Have you met C'Mell, the cat girlygirl who helped Rod McBan
achieve his heart's desires?
Or Rod himself, the Norstrilian boy who inadvertently bought
Old Earth one night?
Or Martel, the scanner who was cranched at a crucial
No? Then you are one of the lucky ones. You can look forward to meeting the strange
mind of Cordwainer Smith.
Yes? Then extend your acquaintance here... Wherever on Earth you come from... and
Cordwainer Smith fans come from every continent including Antarctica.... you will find much to
interest you on this website.
When we emerge from one of Smith's science fiction stories, it is with a sense of enrichment. Life seems
sometimes more tragic, sometimes more luminous...
But don't take my word for it... I am his daughter, and not exactly
objective. (That does not mean I am all-adoring. Nothing that relates to Cordwainer Smith is
simple, and growing up under the influence of that mind was not a simple matter.)
To keep up with Cordwainer Smith news, and comments of fans, see my blog. You can also contribute your own Cordwainer Smith thoughts
there, via comments.
His Effect on Other Science Fiction Authors
Cordwainer Smith has had a tremendous effect on the field of science fiction.
Ursula LeGuin spoke of Smith's "obstinate idealism."
James Patrick Kelly said in one of his award-winning stories:
"I was reading Galaxy. I even remember the story: 'The Ballad of Lost C'Mell' by Cordwainer Smith. The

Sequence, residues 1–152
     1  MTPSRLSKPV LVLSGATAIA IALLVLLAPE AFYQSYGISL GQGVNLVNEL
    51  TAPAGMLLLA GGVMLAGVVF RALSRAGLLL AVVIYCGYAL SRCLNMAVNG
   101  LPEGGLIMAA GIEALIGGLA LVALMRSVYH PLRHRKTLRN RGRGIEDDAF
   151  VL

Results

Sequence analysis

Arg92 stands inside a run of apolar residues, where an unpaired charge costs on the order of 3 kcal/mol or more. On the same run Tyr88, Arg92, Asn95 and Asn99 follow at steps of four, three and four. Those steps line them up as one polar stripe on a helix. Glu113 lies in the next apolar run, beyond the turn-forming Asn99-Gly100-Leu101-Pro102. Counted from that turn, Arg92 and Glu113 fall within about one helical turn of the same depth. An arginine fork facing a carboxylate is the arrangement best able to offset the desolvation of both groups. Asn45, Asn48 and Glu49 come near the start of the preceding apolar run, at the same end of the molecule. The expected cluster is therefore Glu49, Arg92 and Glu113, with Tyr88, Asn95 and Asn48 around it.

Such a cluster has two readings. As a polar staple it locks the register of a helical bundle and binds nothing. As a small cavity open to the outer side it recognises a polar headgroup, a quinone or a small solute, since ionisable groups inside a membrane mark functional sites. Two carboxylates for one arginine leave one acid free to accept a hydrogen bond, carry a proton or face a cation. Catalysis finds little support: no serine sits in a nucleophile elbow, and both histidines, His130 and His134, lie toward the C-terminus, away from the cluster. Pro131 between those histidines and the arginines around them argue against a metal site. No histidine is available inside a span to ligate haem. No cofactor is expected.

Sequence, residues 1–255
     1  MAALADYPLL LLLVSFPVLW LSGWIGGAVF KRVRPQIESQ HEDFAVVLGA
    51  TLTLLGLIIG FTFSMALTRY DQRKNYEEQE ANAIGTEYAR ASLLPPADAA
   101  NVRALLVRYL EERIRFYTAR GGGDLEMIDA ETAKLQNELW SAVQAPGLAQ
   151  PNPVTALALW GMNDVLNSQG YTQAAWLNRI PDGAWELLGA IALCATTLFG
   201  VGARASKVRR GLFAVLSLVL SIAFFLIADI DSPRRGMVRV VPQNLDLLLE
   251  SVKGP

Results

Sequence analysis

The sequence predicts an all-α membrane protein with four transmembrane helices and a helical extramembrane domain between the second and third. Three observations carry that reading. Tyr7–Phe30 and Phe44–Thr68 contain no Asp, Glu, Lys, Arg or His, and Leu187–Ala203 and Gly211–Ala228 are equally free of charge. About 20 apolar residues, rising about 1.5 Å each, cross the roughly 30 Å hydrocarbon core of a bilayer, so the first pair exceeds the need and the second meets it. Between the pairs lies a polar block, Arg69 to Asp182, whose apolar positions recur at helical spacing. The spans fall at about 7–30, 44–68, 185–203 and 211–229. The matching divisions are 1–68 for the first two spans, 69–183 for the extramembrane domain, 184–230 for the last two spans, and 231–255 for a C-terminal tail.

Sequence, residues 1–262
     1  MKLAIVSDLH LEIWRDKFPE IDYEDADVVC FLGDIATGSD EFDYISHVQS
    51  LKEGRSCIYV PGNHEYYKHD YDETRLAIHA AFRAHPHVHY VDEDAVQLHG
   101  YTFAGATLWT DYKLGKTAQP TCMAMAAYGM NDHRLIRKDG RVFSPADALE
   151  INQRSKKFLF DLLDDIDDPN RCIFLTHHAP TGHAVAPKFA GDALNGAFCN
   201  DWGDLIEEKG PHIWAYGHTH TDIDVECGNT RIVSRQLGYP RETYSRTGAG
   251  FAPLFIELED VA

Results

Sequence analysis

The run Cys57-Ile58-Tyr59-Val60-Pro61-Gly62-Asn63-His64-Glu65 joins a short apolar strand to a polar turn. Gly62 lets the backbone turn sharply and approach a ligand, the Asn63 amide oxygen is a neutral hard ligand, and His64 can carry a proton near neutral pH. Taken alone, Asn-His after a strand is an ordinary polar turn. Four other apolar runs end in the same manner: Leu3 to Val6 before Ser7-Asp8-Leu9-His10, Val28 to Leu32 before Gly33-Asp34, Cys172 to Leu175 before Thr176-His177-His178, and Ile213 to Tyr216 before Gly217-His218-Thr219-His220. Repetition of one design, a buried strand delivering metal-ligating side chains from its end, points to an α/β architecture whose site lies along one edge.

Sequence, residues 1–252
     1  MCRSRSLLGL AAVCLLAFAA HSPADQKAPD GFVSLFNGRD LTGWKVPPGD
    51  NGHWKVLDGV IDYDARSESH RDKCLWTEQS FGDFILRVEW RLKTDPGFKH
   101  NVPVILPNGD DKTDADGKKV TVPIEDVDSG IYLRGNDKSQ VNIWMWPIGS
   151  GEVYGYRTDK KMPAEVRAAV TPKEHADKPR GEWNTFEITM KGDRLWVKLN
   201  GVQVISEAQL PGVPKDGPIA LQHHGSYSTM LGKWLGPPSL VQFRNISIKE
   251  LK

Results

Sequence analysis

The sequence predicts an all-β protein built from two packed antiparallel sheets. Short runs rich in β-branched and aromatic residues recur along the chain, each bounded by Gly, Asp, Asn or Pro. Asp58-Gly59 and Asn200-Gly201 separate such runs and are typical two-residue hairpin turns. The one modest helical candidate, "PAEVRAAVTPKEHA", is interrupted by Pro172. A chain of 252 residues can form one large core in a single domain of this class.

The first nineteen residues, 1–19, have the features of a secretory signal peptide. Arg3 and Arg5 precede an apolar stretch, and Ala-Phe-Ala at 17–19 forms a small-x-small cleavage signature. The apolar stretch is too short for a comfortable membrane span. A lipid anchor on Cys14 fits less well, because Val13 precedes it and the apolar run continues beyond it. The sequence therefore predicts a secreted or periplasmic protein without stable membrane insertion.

squirrels must have been chittering for some time, but I was too engrossed by Lord Jestocost's problems
Robert Silverberg and many others have credited Smith with pointing the way to new areas for science fiction to
explore. Many writers have tried to imitate his style, not an easy thing to copy well.
He died in 1966, just as his fame was beginning to blossom. And that was when it became known that Cordwainer
Smith was a pseudonym for Paul Myron Anthony Linebarger, a scholar, a diplomat, a spy, a military man, a science
fiction author, and more.
"Better than any writer we've yet seen, Smith represents the sense of awe and wonder that is the heart
of science fiction."
What Readers Say about Cordwainer Smith
This website is a result of readers' comments. Late one night in the year 2000, I was at amazon.com, and I
wondered what reaction my father was getting there. So I began reading the readers' reviews, and there were so many
people who loved the stories!
- Someone had cried upon learning that Cordwainer Smith had died and thus there would be no more
- Someone else had learned to read in order to read Smith's science fiction stories.
The next morning I sat down and outlined this site.
Now, you can read more readers' comments. If you'd like to add your own to
this site, you can do it via the blog.
--Rosana Hart, webmaster and daughter of Cordwainer Smith